It’s not uncommon for them to regret the decision later. The reason is often that, for maisonettes, bedrooms tend to be located on the second floor; keep this in mind, if you’re thinking you can just live on the lower floor when you’re older. Also, in some units, the stairs can be quite narrow and present a significant fall risk.
One realtor said she rarely recommends maisonettes for older folks because in her experience they often end up selling it and buying something more convenient. But she adds that:
“You tend to spend more on renovations for a maisonette, and most of these units are quite old; so there’s a higher risk of poor returns if you want to resell later. Also, at the time of purchase, if you were willing to accept a high price because you were thinking purely of own-stay use, you may end up selling at cost.”
3. Holding on to their private property for too long
R turned 62 this year and has come to realise that – even though his mortgage was paid off several years ago – the maintenance fees have gone up. It’s common to think that maintenance prices will stay the same the whole time, but as the condo gets older, this can change.
“There was a circular last week where the maintenance went up to $92 per share value. This is around $460 per month, which is no joke when you’re a retiree you know. I am expecting my income is around $2,800 a month after I retire next year, so about 16% of my income is taken up by just the maintenance.”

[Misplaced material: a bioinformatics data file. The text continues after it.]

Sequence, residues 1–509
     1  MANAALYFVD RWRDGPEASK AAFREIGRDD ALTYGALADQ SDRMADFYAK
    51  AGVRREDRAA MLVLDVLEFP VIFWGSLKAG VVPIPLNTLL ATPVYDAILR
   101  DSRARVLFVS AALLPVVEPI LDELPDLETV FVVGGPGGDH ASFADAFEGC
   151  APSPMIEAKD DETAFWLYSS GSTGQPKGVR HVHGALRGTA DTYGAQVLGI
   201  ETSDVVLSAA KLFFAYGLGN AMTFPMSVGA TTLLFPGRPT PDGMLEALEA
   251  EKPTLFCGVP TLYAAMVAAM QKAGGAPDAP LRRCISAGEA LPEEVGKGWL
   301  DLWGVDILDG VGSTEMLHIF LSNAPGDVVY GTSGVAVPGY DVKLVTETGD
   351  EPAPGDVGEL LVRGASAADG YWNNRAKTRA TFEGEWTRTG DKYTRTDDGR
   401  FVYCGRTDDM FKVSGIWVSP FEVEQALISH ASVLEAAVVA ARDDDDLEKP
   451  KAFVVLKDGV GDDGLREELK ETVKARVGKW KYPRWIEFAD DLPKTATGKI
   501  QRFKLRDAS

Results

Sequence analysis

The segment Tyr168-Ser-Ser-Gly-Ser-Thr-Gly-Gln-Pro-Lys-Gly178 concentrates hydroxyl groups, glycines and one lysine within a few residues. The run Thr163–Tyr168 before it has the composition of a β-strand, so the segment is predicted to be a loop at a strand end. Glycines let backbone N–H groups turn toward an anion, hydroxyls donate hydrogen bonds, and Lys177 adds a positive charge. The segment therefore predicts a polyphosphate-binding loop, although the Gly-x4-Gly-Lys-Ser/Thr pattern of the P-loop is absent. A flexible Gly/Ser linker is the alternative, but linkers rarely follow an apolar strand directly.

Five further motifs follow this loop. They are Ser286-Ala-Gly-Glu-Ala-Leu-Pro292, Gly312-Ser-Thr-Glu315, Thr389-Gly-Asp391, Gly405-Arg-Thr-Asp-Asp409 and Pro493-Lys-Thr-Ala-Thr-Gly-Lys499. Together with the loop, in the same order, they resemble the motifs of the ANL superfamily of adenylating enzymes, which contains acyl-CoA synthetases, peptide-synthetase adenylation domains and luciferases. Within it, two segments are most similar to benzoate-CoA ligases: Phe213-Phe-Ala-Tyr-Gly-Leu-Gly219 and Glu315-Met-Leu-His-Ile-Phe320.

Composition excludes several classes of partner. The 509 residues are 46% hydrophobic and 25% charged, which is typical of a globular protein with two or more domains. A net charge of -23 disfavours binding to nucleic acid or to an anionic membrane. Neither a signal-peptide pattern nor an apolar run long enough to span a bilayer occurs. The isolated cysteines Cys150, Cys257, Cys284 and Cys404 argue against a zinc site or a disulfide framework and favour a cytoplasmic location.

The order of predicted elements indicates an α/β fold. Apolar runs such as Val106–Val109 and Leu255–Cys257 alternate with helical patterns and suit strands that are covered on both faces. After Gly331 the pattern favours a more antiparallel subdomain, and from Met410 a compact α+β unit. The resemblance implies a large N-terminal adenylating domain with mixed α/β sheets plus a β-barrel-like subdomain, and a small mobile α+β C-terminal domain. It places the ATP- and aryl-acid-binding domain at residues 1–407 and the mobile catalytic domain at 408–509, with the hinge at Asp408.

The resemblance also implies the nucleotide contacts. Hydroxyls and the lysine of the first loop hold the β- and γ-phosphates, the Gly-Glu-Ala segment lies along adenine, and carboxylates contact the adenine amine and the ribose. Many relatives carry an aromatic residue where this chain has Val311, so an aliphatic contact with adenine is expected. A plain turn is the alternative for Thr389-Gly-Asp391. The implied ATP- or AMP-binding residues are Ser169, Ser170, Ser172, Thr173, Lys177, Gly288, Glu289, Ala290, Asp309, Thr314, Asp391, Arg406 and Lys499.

In hindsight, R says, “I should have sold the condo and bought a resale flat a lot sooner, even when I was in my 50s. All the time I was thinking it was a freehold, maybe it was to hand over to my children, but my children have their own condo anyway.
Now that I think about all the money I spent on maintenance, I feel it’s quite a waste. I held on too long. Should have put all that money in my pocket instead.”
We’d point out though, that for those who are at R’s age (55 or older), there’s no 15-month wait-out period for 4-room or smaller flats; so it’s not too late to make your move.
4. Selling their rental property, purchased before ABSD
J, who turns 62 this year, says he used to own a “mickey-mouse” (shoebox) unit in addition to his 5-room flat. The 500+ sq. ft. unit was fully paid off by the time he was 55, and had been a constant source of cash flow.
“I almost never had any vacancy, and from 2020 to 2021, when we had Covid and I had no work, I survived on the rental income from that unit.”